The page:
Lab Notes

Experimentation Now Means Marketing Advantage in the Future

I’ve got two sons that are into wake boarding. They are both new to it and to them it seems hard and, though they won’t admit it, sort of dangerous.  But, at the same time, they watch YouTube videos of kids their age doing amazing things on a board and it’s clear they admire the skill and courage of these little daredevils.

They aspire to put their own videos out there at some point.

When we go wake boarding, the guys get embarrassed when they fall. But, they know what the YouTubers would tell them: if you’re not falling, you’re in your safe zone. And, if you want to progress, you gotta get back up and push it. You will get a face full of water a few times along the way, but that’s the price to pay for learning something awesome.

Nobody likes to fail, but we all know it’s part of growth. So, just like the guys expect and plan for some face-plants on the lake, business leaders need to build some failure into their plan.

These days, your marketing plan isn’t truly strategic if you’re not consistently, methodically investing in developing new techniques to grow your business (aka a strategic marketing experimentation plan).

That is, learning and experimentation should be a core strategy for your team to build a sustained advantage over time.

At GoKart, we’re big proponents of the 70/20/10 approach. We believe this approach enables you to balance  hard-core, short-term focused, performance driving efforts (i.e. the 70%) with planned, pure  experimentation (i.e. the 10%). And, it leaves room for proving out promising techniques and approaches that have been successful tests (i.e.the 20%).

Our Approach to Regular Experimentation

We think of it this way:

* 70% – Maximize results and efficiencies above average results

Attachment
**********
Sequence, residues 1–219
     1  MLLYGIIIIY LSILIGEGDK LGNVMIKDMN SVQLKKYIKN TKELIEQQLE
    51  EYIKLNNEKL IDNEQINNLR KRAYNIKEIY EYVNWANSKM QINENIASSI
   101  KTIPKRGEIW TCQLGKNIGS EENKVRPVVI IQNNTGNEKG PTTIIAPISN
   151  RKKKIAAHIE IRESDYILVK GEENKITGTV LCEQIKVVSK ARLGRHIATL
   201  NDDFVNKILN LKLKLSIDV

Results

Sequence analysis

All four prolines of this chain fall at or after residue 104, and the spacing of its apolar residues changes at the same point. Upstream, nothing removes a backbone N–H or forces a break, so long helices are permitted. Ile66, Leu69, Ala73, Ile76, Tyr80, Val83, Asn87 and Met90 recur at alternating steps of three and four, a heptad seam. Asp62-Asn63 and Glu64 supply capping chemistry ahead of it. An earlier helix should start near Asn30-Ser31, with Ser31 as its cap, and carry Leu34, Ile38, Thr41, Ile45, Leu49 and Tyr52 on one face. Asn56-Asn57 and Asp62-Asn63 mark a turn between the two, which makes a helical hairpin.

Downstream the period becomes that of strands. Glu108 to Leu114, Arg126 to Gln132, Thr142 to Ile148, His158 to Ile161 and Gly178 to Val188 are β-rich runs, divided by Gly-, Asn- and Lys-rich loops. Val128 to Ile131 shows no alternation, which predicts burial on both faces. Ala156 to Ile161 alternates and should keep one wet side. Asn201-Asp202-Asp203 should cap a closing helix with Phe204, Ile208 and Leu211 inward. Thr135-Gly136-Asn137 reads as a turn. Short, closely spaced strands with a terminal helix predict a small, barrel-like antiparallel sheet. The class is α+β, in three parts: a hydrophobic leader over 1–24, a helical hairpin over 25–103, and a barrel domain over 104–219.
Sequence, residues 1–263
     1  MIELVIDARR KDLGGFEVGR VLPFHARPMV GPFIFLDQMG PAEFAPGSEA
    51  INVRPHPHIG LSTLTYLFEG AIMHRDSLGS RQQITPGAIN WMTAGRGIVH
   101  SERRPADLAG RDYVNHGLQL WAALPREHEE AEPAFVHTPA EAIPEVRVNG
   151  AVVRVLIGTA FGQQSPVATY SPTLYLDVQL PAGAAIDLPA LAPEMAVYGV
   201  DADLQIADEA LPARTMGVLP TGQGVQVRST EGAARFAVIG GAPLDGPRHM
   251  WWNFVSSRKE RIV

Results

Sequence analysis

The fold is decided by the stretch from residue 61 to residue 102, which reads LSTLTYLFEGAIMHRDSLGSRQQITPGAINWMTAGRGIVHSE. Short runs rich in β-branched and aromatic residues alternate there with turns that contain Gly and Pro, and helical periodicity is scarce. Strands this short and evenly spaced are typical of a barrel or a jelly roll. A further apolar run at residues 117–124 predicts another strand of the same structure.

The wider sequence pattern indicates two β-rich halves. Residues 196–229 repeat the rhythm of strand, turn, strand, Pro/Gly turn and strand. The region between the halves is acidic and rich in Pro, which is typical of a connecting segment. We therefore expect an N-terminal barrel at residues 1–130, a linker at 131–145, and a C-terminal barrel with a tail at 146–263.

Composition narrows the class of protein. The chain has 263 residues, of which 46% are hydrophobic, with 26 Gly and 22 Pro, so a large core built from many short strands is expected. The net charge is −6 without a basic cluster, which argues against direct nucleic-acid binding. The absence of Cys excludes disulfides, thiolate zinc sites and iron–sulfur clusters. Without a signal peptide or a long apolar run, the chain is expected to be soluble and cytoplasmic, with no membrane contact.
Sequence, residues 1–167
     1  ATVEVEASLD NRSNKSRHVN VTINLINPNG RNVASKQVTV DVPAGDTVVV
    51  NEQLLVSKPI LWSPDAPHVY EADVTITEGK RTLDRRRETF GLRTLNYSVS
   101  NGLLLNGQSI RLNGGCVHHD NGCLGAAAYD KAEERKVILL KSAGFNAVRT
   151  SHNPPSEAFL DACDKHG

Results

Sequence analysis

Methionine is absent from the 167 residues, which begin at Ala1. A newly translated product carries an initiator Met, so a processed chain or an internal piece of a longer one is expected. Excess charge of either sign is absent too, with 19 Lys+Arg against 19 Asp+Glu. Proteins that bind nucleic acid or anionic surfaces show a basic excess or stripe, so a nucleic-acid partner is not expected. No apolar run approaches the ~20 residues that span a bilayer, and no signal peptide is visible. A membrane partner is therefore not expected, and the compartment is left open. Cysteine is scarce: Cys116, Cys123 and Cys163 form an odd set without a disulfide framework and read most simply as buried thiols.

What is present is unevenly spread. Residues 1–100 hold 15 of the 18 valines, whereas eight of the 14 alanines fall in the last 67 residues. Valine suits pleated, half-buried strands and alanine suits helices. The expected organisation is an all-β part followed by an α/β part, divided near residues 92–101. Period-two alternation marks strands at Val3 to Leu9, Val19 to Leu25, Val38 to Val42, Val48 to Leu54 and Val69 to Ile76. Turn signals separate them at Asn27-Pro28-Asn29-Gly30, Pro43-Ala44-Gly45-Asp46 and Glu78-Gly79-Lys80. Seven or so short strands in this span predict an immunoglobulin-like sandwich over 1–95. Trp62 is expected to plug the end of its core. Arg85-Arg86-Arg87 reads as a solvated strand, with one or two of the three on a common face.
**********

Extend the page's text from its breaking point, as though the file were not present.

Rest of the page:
* 20% – Grow the scale of smaller successes

* 10% – Learn what’s possible through experimentation

Lots of marketing teams talk about applying this screen to their spend mix but in our experience, very few actually do it with discipline or for a long period of time. The spending mix is generally more like 90%/10%.

And true experimentation gets cut.

As a result, we often talk with marketers who feel urgency to “catch up” on important elements of a digital plan, whether it’s mobile, or social or content-focused efforts.

It’s hard to win when you’re always playing catch up.

If you’re in marketing leadership, and you’re playing catch up right now, you’re part of the problem.

See if you agree with these statements to check your progress towards a more strategic marketing mix.

  • Our company sees marketing experimentation as a critical effort to take advantage of changes in the media landscape
  • My team has a dedicated, protected experimentation budget every year
  • We have a process to determine how to prioritize and allocate our experimentation budget
  • We have methods to grow and improve successful experiments into scaleable efforts
  • We fail enough to learn from it

If you can say “yes” to more than 3 of those, you’re in pretty good shape. If you can’t, it may be time to consider reviewing your commitment to building learning and experimentation into your program. Here are two easy places to do some small-scale (i.e. less than $2,500) experimentation in areas we believe are critical to your brand building in the future:

  • Experiment with YouTube ads – A great way to reach consumers on the second largest search site on the web
  • In-app advertising – Use an ad network to target your message in a local, in-app context. A great way to understand how the mobile context drives a different kind of response.

Small failures in your experimentation plan are your equivalent of getting a face full of water on the lake. Not pleasant, exactly; but a small price to pay to build some new skills to grow.

At GoKart Labs, we specialize in Invention & Business Strategy, User Experience & Design, Web & Mobile Software Development, and Digital Marketing. To find out more about becoming a client, call 612.454.4012.

 

A thought leader among modern marketers, Jim brings a whole pile of experience (from start-ups to big brands), wisdom and humility to the GoKart garage. We say we’re lucky to have him, he says he’s lucky to be here… it’s a fight neither of us will win. He’s a man of diverse passions. Jim could open a restaurant, create its brand, craft the menu, cook the food, brew the beer and deliver it by bicycle (even if you live 100 miles away).

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